In a limited run performance, classic Asian and Western instruments fuse at Carnegie Hall to retell ancient Chinese folklore in the form of orchestral music. Shen Yun Orchestra incorporates Chinese instruments, the erhu and pipa, right alongside more known instruments, such as the violin and cello. Songs performed in Chinese bel canto, a style of operatic singing, add to the purpose of blending two cultures so beautifully. Scenes of folklore, which are written down for you to follow in a playbill, are recreated with music that allows you to use imagine them as if they were being acted out.
It is a stigma that teenagers are simply not into classical music, but many adolescents disagree with this view. Edy Pacheco, a senior who plays classical music on violin and piano, said “I feel classical music is underrated and misjudged…often classified as boring, but you’d be surprised at how many pieces by different composers are actually quite exhilarating and joyous.”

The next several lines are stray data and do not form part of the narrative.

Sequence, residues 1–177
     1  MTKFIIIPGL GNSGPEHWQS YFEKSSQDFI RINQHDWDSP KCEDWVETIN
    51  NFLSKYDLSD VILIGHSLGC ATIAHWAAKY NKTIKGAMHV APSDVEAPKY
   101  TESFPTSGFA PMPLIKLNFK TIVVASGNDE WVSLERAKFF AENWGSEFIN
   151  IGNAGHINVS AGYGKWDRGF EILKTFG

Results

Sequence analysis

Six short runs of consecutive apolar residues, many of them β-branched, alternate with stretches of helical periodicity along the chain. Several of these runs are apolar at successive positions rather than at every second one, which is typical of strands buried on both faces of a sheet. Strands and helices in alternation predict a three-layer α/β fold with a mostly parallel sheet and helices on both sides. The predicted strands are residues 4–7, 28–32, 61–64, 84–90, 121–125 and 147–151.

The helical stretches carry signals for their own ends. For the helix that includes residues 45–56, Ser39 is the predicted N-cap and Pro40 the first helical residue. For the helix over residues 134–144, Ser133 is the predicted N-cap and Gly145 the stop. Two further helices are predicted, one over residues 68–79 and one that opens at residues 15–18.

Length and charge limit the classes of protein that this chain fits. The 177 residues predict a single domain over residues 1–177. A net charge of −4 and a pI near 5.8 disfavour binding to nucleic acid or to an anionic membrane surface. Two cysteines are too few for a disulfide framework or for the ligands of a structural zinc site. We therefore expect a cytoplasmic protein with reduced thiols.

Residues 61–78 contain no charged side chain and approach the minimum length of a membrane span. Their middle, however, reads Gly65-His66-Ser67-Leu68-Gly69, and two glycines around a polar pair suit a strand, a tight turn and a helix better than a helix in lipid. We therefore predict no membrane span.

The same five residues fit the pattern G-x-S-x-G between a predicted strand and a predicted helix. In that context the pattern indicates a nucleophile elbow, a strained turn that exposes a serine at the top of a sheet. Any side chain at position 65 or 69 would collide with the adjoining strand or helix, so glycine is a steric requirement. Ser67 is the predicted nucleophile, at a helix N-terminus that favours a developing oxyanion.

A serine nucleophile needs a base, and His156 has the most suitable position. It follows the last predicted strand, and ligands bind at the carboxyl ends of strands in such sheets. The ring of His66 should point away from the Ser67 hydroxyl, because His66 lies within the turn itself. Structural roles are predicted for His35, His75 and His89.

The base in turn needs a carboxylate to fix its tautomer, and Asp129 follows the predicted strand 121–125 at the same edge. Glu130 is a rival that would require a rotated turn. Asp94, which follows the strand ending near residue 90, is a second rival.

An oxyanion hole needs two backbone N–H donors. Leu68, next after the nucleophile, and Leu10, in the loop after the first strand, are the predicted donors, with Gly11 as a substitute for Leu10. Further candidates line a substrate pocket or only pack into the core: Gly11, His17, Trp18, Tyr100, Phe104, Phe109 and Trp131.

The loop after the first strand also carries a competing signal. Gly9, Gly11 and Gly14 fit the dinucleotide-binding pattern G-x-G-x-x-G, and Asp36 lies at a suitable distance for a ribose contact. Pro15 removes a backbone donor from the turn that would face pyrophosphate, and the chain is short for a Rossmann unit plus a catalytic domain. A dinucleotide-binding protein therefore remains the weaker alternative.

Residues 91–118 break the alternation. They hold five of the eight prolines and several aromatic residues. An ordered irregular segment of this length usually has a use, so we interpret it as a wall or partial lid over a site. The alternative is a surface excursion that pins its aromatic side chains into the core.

Although this seems an expected response, even someone who does not typically listen to classical music can enjoy it. “Many compositions are very relaxing and help me calm down or concentrate during times of pressure and stress” said senior Samira Mostafa.
What excites people most about an event like this? People seemed to be most excited to see how the cultures would be blended and were excited that other countries take influence from other countries to fuse them. Pacheco, who has already been to the show, shares that his favorite part was seeing how the musicians enjoyed performing the show as much as the audience enjoyed watching it.
Students may not often get in depth exposure to different cultures. Experiences like this are helpful because they “help people gain more knowledge, become worldlier, and gain respect for other cultures… [they] allow you to appreciate and not appropriate cultures” said Mostafa.